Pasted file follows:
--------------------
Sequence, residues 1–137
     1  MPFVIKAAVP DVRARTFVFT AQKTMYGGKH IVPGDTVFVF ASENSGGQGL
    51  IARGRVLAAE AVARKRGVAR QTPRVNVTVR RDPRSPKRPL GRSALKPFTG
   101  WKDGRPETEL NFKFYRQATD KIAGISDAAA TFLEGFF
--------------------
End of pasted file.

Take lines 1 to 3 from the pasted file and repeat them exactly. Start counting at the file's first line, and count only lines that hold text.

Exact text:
Sequence, residues 1–137
     1  MPFVIKAAVP DVRARTFVFT AQKTMYGGKH IVPGDTVFVF ASENSGGQGL
    51  IARGRVLAAE AVARKRGVAR QTPRVNVTVR RDPRSPKRPL GRSALKPFTG